Then I met some more – who else, but Indians! After introductions we decided to head out for Lunch. Again, it took us quite some time to figure out an appropriate place to get lunch. There were 2 ladies leading the pack – one Indian and the other American, and I guess that was part of the reason why we went hungry for a while 🙂 . This was also the first time that I realized that maybe I shouldn’t have come because I was freezing to death (remember, I intended to be out of my apartment for a stroll and ended up at INSEAD campus)

Another thing about life…

October 21, 2006

Just preliminary thoughts…

 * no rationality – love Or God

Where is the world’s collective conciousness headed to?

Guide to Socialising

October 10, 2006

update: I met a couple of ppl appreciative of my blog and I like that! but here is my official position for this year: I intend to get it on with books and studies at INSEAD – nothing else. So I wont be blogging much.

First off, I am unwillingly posting this blog. One of my friends said to me “HG, you are on your way to become a great consultant, will you please analyze why desis don’t seem to get it on with ppl?”. In a weird way, he did make sense. Nevertheless, I intend to keep this short and sweet. Actually the heading should have read “for Desis” in the end. But I recon some of my advise would be applicable to many other communities (of FOBs) as well. You as a reader will probably have the following questions (in the following order). Here are my answers:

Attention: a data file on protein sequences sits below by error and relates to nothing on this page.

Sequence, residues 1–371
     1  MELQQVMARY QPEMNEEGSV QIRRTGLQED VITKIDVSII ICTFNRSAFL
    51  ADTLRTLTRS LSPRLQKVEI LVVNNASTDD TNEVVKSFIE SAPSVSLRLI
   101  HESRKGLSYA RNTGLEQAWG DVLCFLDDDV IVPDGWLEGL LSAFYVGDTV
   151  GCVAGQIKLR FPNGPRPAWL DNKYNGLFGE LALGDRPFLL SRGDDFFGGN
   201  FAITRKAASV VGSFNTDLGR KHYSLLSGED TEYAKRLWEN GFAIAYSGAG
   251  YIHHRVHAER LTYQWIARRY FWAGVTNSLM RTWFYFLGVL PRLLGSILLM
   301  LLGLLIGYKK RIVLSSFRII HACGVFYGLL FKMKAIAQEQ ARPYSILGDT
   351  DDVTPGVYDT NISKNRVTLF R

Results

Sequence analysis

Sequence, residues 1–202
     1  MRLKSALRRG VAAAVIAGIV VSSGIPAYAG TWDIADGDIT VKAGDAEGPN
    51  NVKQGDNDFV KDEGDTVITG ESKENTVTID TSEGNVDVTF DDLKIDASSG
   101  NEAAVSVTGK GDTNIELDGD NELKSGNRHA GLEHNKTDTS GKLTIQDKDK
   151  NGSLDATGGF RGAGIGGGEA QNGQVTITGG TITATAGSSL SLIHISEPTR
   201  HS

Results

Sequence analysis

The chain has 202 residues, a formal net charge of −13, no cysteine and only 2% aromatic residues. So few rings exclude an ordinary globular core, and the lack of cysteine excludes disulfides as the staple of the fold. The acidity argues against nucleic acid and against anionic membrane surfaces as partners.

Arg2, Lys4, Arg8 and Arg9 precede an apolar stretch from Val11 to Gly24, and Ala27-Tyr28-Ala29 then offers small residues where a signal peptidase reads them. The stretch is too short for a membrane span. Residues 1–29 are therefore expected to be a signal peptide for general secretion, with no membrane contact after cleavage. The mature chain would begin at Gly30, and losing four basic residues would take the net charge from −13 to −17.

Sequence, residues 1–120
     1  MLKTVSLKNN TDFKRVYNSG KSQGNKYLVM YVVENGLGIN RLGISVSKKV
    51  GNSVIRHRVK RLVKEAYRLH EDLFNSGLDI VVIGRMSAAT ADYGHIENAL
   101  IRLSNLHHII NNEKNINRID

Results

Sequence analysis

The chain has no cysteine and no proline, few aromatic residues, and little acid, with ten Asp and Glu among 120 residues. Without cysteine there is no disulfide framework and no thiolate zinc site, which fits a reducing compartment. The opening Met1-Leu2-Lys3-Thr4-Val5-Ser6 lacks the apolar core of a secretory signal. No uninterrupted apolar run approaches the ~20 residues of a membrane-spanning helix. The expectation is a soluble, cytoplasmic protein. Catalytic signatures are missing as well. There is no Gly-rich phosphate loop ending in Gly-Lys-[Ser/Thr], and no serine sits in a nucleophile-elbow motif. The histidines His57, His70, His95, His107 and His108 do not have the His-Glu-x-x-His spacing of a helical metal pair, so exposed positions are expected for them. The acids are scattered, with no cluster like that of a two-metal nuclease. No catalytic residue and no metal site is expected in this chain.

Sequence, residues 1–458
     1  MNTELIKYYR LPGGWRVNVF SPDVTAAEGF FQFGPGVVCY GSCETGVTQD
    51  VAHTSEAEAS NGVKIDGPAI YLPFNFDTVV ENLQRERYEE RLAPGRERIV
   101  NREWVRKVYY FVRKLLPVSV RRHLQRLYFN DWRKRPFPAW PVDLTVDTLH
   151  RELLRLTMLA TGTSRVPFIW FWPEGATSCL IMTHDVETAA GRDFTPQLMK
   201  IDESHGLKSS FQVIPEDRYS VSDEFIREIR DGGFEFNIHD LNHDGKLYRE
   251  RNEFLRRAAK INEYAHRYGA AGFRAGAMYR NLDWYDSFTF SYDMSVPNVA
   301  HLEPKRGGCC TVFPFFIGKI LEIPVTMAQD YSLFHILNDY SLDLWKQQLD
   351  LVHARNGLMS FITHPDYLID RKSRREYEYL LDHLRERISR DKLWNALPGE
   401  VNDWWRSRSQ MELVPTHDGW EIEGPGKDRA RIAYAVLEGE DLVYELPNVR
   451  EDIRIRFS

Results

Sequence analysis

“Genius, what credibility do you have (concerning the topic) ?”
Having lived in the US for about 5 years, I have mostly used my time to learn the culture. The culture, in brief, is all about socialising. I was a part time DJ in Dallas (I actually just helped setup equipment and changed tracks when the main DJ went out for a smoke) and got to meet some of the most wonderful ppl.

“How are your experiences relevant to what I want?”
My experiences are not relevant to you if you fall into one of these categories:
(a) You are a desi nerd whose idea of outing is going for groceries to the Indian store